Discussion in 'Linux Networking' started by Chris Rennert, Jun 25, 2003.

  1. Hello all,

    Here is what I want to accomplish. Currently I have a Linksys router
    connecting our lan to the internet through PPPoE. What I want to do is put
    a linux box between the router and the lan so I can do monitoring and put up
    a firewall. I have 2 ethernet cards in the linux box which is running
    Mandrake 9.1.
    I am sort of new to setting this type of thing up, and my budget here is $0,
    besides my time.
    I was wondering what would be the best approach to setting this up. I was
    thinking I could physically put the linux box between the router and lan and
    just forward all the data coming from the router and then have all the
    workstations use the linux box as a gateway to the router.
    I was hoping I would get a little insight on the best way to do this.
    Any help you could give me would definitely be appreciated.


    Chris Rennert, Jun 25, 2003
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  2. Chris Rennert

    Wing Guest

    Wing, Jun 25, 2003
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  3. Chris Rennert

    no body Guest

    Here is what I want to accomplish. Currently I have a Linksys router
    Drop the router (it was a waste of money, sell it on ebay and get something
    out of it) and do pppoe on the linux box.
    use the linux box internal IP as the gateway for all the internal machines.
    Unless you have a hundred machines or so, I'd go with static IPs internal
    all the time. Gateway is, all other boxes start from there .2,
    ..3, etc... netmask of Now that I think of it your internal
    boxes should already be set up with the linksys router as their gateway,
    probably similar to the scheme I just mentioned. Just set the linux box's
    internal address to the linksys' address and yank the linksys out of the
    way. If you're using dhcp internally now I'd change it to static first (and
    make sure it works) before you switch the boxes out. The reason I say that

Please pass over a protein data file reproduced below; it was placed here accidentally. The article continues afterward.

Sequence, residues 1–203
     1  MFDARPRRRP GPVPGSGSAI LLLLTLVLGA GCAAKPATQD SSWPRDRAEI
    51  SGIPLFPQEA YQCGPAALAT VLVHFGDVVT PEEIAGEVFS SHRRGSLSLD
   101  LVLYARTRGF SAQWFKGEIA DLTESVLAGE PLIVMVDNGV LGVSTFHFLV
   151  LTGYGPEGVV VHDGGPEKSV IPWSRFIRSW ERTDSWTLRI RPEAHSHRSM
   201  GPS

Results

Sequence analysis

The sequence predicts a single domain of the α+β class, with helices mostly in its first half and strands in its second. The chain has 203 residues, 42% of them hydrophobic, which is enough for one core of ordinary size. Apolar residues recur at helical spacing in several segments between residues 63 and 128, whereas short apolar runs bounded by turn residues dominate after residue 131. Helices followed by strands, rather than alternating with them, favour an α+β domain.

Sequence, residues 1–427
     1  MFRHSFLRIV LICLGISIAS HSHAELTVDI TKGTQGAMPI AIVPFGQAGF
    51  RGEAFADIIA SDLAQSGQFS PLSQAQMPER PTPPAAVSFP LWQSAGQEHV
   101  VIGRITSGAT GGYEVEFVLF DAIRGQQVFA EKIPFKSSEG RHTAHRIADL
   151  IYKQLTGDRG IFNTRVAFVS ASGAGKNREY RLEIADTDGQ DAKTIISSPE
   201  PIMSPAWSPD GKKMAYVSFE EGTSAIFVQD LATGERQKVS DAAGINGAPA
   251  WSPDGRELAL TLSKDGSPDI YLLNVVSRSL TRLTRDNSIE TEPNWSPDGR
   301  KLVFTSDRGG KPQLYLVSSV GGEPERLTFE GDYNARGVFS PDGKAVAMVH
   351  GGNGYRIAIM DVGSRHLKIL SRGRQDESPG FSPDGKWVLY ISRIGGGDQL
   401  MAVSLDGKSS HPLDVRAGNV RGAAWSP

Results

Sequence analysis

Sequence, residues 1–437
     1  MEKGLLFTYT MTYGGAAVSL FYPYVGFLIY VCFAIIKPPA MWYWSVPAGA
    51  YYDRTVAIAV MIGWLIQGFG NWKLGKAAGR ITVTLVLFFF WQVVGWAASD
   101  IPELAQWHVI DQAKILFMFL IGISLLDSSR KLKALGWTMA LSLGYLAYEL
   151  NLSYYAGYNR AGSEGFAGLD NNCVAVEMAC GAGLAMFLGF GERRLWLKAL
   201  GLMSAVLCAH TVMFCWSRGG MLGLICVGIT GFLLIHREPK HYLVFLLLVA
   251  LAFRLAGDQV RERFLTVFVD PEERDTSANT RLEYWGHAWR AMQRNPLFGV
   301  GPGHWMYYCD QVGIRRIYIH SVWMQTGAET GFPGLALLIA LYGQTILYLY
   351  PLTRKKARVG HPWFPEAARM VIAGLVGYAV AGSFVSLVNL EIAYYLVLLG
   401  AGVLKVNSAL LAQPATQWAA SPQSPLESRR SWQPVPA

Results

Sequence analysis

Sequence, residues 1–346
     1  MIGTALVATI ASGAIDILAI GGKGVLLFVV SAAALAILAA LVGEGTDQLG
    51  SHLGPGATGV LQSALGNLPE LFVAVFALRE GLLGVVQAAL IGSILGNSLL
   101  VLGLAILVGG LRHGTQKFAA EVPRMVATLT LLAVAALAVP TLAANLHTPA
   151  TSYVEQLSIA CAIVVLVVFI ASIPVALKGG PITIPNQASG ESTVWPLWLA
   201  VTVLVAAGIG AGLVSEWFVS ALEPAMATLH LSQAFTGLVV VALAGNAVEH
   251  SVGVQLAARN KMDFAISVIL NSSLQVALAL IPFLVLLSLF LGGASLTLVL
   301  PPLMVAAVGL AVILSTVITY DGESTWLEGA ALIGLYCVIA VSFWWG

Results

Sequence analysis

is you don't want to be fighting pppoe, dhcp, and iptables all at the same
    time unless you are HIGHLY familar with all of them (as in born and raised
    on it). You can always switch back to dhcp after the transition if you want
    to. A little extra work but for the uninitiated it's a good idea. At any
    rate you need to attack this thing in pieces, first linux to all internal
    boxes, then linux to the Internet, then the internal to the Internet.

    the pppoe client comes with an adsl-start script, and it's all pretty simple
    to set up, get the pppoe client and read the docs. I think you only have to
    plug the login name and pass in a text file (make sure you chmod 600 the
    file and chown root it). real easy. just make sure you put the adsl-start
    script call in your rc.local or whatever it is on your distro.

    So that gets the internal routing within itself, and your box connected to
    the outside. The only thing left is setting the box up to SNAT all outbound
    traffic. For this read up on iptables. search for iptables and how-to,
    it's pretty straight forward. I think the pppoe client even came with a
    basic iptables script that SNATed everything outbound. Very basic, no
    security, but a good start for someone who doesn't know.
    Get ready to learn. The nice thing with being able to drop the linux box in
    place of the linksys is you can start on a friday night and if you haven't
    got it working by monday morning you can just plug the cat 5's back into the
    linksys and your back running again.

    Don't run the linksys and linux together. It's just asking for another
    complication you don't need. Sell it to some loser on ebay that doesn't
    have the G2 to put together their own gateway from scrap.

    Which reminds me: "Education pays. If you don't think so, try ignorance for
    a while." - John Slick
    no body, Jun 27, 2003
  4. You want to set up the Linux machine the exact same way as you
    would any firewall, but you want to log the information you're
    interested in. You may need to set it up as a DHCP server as I
    don't think you'll be able to feed IPs from your router to your
    local LAN. It becomes the default GW for your local LAN and then
    forwards all packets to the router, which then does the rest of
    the hard work. Should be fairly simple assuming you know how to
    set the Linux box up as a firewall. It's similar to the process
    for setting it up to be your gateway box, except for the one
    extra step in going to the router rather than going straight to
    the net. You could alternatively remove the router from the
    equation and use the Linux box as both firewall and router. But
    there's nothing wrong with having the devices seperate. There is
    some school of thought that you're better off that way anyway.

    Router route
    Firewalls firewall
    Seth H Holmes, Jun 27, 2003
  5. Chris Rennert

    no body Guest

    You may need to set it up as a DHCP server as I
    Just because he can't give public IPs to his internal computers doesn't mean
    he has to set up DHCP.
    no body, Jun 27, 2003
  6. True. I was assuming DHCP from the Linksys was being used. If he
    is not using DHCP, static assignments would work fine.
    Seth H Holmes, Jun 27, 2003
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